The hopes of pursuing a law enforcement career in California were dashed for an American Samoan man when he was informed that he did not meet the U.S. citizenship requirement. The man subsequently filed a lawsuit that sought to see those who are born in an unincorporated American territory like American Samoa granted the same citizenship rights as those born in Puerto Rico, but the U.S. Court of Appeals for the District of Columbia Circuit preserved the current law in a June 5 ruling.
Federal law require individuals born in American Samoa to travel to the United States and establish residency for at least three months before they may apply for naturalization, but critics of the rules say that this effectively places citizenship in most cases impossible to obtain for the island’s poorer residents. American Samoa became a U.S. territory in 1956 and is home to approximately 56,000 people.
While many American Samoans may be disappointed with the three-judge panel’s interpretation of the U.S. Constitution’s 14th Amendment, government officials on the island are unlikely to be among them. The island’s government has objected to measures that would grant automatic U.S. citizenship to those born in the territory to protect local customs. Officials also want to preserve rules that limit land ownership to those of Samoan ancestry.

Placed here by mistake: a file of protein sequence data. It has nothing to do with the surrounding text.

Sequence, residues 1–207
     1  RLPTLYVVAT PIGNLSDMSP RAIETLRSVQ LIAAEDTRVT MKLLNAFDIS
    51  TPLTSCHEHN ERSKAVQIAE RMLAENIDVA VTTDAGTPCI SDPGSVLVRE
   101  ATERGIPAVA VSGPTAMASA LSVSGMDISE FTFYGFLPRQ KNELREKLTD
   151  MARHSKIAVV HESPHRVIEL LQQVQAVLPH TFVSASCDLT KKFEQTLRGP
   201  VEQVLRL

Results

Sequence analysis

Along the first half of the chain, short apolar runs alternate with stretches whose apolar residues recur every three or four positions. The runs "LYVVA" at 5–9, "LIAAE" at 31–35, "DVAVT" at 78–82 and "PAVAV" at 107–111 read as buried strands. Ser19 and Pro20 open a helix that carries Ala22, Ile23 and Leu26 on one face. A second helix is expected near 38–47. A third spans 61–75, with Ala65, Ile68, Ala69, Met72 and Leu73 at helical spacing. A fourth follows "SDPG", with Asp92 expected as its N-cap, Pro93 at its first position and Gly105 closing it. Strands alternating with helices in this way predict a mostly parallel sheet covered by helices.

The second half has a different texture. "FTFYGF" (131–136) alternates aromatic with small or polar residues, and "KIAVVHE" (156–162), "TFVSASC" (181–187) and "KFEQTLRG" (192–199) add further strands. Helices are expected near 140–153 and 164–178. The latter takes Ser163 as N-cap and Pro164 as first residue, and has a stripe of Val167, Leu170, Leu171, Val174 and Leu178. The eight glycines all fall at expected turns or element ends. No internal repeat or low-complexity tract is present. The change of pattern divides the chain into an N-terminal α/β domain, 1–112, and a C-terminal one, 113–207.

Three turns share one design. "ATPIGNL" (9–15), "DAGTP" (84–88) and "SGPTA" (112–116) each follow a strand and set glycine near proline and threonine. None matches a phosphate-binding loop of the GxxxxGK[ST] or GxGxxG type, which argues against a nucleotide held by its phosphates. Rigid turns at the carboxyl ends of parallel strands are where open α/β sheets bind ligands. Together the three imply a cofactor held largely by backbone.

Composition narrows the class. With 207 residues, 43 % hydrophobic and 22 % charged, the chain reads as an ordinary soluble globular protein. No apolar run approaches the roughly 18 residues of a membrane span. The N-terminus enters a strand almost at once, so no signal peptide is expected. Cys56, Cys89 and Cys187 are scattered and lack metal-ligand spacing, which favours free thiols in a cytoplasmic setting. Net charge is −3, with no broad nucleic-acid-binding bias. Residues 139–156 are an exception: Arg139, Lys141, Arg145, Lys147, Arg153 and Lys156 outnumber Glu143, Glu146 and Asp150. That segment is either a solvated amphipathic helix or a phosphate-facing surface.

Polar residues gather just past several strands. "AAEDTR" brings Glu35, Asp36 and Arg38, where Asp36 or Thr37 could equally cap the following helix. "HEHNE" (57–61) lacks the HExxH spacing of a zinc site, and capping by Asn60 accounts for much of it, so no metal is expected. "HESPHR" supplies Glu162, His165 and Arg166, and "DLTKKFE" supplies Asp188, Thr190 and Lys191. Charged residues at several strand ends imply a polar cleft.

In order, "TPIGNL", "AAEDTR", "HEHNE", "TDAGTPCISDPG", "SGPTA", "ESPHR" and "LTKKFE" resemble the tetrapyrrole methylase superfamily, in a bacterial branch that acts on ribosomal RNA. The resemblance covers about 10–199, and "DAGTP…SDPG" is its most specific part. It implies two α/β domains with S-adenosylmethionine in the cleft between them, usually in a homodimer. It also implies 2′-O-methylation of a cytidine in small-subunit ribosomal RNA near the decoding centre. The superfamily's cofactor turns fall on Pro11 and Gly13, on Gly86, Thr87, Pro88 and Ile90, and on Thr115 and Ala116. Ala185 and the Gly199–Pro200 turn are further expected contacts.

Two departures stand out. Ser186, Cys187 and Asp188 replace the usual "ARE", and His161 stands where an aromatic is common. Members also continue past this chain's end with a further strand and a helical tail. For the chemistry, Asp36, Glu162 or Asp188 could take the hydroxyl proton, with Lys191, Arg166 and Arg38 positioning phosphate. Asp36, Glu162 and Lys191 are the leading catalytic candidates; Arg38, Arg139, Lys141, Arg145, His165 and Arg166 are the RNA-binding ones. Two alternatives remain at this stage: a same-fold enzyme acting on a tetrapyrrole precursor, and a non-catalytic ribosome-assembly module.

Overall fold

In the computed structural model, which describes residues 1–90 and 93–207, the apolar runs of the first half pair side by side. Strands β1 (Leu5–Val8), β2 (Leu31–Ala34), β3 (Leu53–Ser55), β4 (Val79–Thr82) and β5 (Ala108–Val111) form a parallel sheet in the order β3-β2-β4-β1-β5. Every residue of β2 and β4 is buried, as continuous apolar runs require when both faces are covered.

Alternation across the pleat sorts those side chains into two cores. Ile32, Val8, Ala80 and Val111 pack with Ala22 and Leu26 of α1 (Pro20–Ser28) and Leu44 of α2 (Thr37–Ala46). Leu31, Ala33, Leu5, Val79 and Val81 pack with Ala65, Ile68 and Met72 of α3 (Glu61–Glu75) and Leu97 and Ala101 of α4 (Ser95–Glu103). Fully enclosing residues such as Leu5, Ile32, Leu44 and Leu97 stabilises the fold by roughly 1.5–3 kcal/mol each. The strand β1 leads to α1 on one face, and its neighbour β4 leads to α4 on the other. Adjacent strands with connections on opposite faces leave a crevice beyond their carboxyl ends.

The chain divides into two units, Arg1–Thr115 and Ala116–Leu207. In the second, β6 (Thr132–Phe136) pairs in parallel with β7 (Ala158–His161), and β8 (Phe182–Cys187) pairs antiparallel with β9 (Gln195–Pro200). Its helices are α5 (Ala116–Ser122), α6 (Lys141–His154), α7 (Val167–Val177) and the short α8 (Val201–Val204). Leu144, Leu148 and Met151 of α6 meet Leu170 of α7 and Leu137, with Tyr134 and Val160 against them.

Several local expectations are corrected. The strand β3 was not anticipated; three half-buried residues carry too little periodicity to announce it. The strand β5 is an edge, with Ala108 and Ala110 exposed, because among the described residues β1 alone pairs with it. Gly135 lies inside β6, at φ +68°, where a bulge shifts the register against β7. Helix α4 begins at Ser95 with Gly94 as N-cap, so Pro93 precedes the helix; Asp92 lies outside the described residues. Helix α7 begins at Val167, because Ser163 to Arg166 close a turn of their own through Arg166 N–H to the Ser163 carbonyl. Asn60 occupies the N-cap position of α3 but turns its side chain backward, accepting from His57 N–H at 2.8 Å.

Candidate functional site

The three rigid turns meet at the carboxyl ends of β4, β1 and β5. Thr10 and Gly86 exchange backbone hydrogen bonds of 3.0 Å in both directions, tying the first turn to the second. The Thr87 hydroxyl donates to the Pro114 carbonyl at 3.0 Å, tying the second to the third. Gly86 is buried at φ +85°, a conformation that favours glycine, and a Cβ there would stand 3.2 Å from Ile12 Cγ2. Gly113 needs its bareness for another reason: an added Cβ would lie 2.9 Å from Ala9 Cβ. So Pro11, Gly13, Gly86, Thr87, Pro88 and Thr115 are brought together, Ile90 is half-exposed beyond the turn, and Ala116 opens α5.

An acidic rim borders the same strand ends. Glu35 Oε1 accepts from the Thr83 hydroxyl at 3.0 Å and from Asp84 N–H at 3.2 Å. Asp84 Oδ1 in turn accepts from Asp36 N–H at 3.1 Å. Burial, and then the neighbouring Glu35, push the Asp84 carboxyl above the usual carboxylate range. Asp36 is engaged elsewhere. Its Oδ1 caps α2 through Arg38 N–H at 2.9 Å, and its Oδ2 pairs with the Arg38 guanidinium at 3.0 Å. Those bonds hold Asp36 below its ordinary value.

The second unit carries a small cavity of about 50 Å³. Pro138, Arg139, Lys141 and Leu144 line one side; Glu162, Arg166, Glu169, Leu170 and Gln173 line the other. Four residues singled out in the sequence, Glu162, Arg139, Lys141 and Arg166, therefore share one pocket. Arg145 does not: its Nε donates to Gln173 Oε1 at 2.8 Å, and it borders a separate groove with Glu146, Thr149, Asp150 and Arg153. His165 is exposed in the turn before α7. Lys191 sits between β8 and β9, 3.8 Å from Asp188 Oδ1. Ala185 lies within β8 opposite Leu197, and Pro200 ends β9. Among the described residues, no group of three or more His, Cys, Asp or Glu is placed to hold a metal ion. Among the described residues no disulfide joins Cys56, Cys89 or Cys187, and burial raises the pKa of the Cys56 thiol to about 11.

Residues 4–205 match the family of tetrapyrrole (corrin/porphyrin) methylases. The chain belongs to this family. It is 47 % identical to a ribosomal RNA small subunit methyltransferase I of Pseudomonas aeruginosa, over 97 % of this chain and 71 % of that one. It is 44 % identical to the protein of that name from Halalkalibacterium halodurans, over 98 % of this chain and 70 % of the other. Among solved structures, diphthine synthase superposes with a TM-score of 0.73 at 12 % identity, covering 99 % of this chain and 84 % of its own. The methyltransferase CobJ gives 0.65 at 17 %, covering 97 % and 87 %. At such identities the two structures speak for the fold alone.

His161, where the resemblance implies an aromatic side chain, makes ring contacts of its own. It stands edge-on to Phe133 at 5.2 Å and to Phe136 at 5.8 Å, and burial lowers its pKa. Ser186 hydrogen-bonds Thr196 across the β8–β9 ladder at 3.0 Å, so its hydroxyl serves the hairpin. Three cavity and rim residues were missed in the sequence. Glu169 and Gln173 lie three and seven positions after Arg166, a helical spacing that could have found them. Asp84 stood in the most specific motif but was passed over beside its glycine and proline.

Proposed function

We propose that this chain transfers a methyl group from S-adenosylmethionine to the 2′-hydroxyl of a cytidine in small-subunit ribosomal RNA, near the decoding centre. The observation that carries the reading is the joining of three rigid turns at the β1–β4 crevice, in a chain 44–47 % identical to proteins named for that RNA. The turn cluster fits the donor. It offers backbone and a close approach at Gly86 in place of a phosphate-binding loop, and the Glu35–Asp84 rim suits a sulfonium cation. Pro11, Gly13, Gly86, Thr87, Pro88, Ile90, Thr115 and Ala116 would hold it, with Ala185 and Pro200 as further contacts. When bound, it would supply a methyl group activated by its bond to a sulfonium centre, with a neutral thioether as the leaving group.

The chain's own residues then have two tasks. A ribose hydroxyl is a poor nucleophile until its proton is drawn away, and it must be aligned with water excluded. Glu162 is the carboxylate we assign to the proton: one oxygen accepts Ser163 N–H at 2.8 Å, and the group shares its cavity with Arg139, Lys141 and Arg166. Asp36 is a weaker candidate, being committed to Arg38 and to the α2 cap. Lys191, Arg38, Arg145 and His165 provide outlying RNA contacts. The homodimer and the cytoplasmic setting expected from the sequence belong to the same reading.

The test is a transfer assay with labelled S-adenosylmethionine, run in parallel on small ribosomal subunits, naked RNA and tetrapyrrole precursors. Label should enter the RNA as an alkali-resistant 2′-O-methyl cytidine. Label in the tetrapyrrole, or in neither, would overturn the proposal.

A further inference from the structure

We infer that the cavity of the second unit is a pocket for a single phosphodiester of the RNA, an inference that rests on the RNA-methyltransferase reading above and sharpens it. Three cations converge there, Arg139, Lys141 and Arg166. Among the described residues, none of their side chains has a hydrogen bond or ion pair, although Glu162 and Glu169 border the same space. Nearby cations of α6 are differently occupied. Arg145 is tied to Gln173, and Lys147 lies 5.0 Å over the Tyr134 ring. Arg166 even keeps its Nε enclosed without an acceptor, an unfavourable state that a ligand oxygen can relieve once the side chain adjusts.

Naturalization allows an individual to hold a U.S. passport, serve on a jury and vote in federal elections, but this path to citizenship is often complex and confusing. An experienced immigration attorney could help those seeking naturalization by explaining the strict deadlines and documentation requirements involved and assisting them with their applications. An attorney could also provide representation in a subsequent appeals hearing when an application for naturalization is denied.